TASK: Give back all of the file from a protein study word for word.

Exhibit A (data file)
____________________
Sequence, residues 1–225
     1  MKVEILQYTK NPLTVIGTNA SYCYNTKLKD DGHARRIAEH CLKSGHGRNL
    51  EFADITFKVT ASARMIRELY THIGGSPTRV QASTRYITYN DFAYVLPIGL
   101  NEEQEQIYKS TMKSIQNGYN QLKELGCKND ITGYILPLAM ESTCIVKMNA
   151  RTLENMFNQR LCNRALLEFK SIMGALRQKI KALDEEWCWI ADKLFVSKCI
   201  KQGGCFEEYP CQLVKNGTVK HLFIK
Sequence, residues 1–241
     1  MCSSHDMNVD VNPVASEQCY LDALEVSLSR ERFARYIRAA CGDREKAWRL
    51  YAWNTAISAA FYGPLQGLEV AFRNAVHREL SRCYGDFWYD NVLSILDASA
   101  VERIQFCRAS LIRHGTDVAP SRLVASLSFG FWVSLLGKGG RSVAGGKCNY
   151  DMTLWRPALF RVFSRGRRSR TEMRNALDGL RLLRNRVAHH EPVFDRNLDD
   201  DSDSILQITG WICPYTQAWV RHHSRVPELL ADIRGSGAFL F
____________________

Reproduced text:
Sequence, residues 1–225
     1  MKVEILQYTK NPLTVIGTNA SYCYNTKLKD DGHARRIAEH CLKSGHGRNL
    51  EFADITFKVT ASARMIRELY THIGGSPTRV QASTRYITYN DFAYVLPIGL
   101  NEEQEQIYKS TMKSIQNGYN QLKELGCKND ITGYILPLAM ESTCIVKMNA
   151  RTLENMFNQR LCNRALLEFK SIMGALRQKI KALDEEWCWI ADKLFVSKCI
   201  KQGGCFEEYP CQLVKNGTVK HLFIK
Sequence, residues 1–241
     1  MCSSHDMNVD VNPVASEQCY LDALEVSLSR ERFARYIRAA CGDREKAWRL
    51  YAWNTAISAA FYGPLQGLEV AFRNAVHREL SRCYGDFWYD NVLSILDASA
   101  VERIQFCRAS LIRHGTDVAP SRLVASLSFG FWVSLLGKGG RSVAGGKCNY
   151  DMTLWRPALF RVFSRGRRSR TEMRNALDGL RLLRNRVAHH EPVFDRNLDD
   201  DSDSILQITG WICPYTQAWV RHHSRVPELL ADIRGSGAFL F